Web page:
Editor’s note: This article was initially published in The Daily Gazette, Swarthmore’s online, daily newspaper founded in Fall 1996. As of Fall 2018, the DG has merged with The Phoenix. See the about page to read more about the DG.
An active student group for over a decade, today’s BMT is marked by a casual and collaborative atmosphere. Both live and video sketches are produced collectively from inception to post-production (in which minor effects are added to the video sketches) during the bi-weekly meetings. Each of the ten current members contributes writing, acting, directing, filming, and editing. “You can never point to a sketch and be like, ‘that was that person’s idea,’” Nathan Siegel ’15 explains.
Themes of the sketches vary widely and are not necessarily related to Swat life. “We try to stay away from just doing Swarthmore jokes, because it’s kind of just too easy,” said Sophia Naylor ’13, a member of BMT for eight semesters. Naylor does note a Swarthmore bent to the group’s humor, however. “When we go out to see other comedy, or when other groups come in, we definitely know that our group is from Swarthmore—that’s definitely clear. We talk about it a lot at our meetings, how we really try not to have low-brow humor. Easy humor, again, just makes really bad jokes. We try to be more clever instead of just being insulting or offensive.”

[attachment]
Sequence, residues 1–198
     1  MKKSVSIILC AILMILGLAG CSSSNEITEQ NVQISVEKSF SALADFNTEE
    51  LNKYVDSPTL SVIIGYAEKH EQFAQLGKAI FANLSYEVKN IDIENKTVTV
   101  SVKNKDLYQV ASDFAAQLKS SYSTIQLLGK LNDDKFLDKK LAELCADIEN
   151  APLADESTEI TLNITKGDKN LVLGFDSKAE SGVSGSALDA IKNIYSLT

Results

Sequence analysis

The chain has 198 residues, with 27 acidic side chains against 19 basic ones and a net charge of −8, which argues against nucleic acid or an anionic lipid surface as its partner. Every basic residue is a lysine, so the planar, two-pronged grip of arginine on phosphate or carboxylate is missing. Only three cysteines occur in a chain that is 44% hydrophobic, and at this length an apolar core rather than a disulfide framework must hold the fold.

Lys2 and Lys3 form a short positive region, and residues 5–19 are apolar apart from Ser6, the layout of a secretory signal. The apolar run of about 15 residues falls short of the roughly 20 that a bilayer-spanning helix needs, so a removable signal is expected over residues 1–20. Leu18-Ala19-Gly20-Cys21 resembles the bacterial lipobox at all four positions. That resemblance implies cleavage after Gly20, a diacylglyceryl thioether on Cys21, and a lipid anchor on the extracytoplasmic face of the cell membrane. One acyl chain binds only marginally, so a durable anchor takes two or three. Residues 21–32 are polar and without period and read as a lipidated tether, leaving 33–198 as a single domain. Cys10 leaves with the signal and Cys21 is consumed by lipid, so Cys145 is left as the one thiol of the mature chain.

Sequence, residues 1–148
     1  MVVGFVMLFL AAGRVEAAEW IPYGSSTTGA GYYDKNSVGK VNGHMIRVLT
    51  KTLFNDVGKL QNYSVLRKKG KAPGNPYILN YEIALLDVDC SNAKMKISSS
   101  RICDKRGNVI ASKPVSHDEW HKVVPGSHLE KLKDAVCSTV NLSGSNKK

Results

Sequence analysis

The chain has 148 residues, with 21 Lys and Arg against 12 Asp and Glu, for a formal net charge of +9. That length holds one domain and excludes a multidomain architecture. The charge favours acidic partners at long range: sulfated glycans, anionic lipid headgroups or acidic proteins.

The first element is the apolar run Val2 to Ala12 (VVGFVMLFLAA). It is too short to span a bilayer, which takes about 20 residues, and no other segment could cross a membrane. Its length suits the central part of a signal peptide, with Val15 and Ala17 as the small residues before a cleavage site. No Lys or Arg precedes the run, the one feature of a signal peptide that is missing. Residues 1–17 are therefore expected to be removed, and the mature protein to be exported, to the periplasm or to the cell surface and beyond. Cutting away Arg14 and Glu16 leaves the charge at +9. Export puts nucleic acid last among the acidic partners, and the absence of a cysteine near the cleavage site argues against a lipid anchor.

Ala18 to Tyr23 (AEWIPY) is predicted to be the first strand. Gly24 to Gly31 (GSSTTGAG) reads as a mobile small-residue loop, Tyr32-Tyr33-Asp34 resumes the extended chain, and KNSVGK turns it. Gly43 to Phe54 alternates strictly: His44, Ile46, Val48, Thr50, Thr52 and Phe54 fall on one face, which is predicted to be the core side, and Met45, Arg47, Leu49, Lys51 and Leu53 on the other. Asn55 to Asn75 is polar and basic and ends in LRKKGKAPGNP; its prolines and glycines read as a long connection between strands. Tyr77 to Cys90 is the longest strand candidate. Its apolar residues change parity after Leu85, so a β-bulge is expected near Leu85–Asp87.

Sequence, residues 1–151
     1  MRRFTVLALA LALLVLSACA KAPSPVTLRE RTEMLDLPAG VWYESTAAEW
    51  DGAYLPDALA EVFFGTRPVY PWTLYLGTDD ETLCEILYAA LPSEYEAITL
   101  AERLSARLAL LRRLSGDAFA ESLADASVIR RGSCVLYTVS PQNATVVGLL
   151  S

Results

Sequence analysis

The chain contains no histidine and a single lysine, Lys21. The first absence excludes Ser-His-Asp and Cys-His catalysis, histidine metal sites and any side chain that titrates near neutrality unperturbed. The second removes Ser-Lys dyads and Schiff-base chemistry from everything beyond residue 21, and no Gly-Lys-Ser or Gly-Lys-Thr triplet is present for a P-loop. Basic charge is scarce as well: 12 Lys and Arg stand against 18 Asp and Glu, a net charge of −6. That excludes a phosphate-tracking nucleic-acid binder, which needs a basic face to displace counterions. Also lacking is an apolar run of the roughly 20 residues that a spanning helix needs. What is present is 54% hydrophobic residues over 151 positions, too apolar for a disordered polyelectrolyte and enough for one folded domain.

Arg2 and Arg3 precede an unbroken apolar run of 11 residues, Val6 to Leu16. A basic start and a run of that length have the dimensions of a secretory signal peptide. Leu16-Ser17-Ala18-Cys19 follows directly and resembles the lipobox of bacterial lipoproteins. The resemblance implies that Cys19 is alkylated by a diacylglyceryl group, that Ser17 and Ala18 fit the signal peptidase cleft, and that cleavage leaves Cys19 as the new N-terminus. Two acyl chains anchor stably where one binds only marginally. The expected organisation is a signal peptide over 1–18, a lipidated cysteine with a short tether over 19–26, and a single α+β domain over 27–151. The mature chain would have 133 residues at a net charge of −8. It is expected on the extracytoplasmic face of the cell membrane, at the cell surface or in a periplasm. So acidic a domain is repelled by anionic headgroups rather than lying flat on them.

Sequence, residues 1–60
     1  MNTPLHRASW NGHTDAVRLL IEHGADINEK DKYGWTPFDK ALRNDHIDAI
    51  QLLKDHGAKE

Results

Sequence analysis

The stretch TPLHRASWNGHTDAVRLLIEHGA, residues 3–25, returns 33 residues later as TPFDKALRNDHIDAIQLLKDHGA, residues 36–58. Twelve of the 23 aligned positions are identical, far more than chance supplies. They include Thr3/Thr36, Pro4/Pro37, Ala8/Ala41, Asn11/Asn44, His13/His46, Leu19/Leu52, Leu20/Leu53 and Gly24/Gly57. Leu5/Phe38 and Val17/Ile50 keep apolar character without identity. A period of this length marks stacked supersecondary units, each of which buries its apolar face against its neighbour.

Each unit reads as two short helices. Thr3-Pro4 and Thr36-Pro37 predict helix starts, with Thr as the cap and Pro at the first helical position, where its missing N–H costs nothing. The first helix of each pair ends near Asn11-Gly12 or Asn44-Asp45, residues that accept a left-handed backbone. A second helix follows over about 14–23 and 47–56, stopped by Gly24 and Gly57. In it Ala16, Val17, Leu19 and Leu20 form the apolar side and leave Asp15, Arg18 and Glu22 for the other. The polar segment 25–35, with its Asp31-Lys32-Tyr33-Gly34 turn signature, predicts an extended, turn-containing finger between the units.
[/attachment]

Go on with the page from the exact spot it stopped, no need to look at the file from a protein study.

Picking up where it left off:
The group’s new live sketches rely on classic comedic standbys like funny accents, comic contrast, and escalating absurd situations. In “Dinosaurs Are Back,” a pair of writers makes increasingly desperate attempts to pitch a new musical. One of the longer sketches, “Game Show,” parodies Family Feud and features great comedic timing from the energetic host and three eccentric contestants. Some sketches rely on simple conceits—a squirrel terrorizes a picnicker, obnoxious customers berate a fast-food employee—while others are more outlandish. BMT members Siegel and Dana Benton ‘16 agree that “Twins,” in which gold-digging British Siamese/fraternal twins attempt to romance a rich American, is this show’s weirdest.
Most sketches start as improv exercises and grow organically from there. “We do mini-skits off of random ideas and then they start to morph into different and weirder things,” Siegel said. “That’s often how we get some of the funniest stuff and also the weirdest stuff.” Other sketch ideas develop more casually. My personal favorite sketch—“Iced Coffee,”—grew out of an inside joke from a BMT Sharples dinner several semesters ago.
“Nate was like ‘I’m going to make iced coffee’ and it was shocking to me—you can just put ice in coffee, but—I was new to Sharples, I was a freshman, that was exciting … Gail and I would just sing about iced coffee in rehearsals … Two years later it’s a sketch,” Siegel said.
In the sketch, an apathetic teenager is inducted into a barista job via an outdated training video. The skit-within-a-skit “video” was creative, and the barista-in-training’s ennui seemed true to life (though I may just still be bitter about being rejected from a job at Starbucks last summer).
The new video sketches will include “Bad Sportscasters” and “How It’s Made: Babies,” a parody of the documentary TV series on the Science Channel. Other video sketches will make fun of Public Service Announcements and helicopter parents.
“We’re excited for people to come and see how much fun we’re having, and hopefully they’ll have fun too,” Benton said.
Previous video sketches and recordings of selected live sketches can be viewed at the BMT YouTube page.
Photo courtesy of Hannah Bown ’15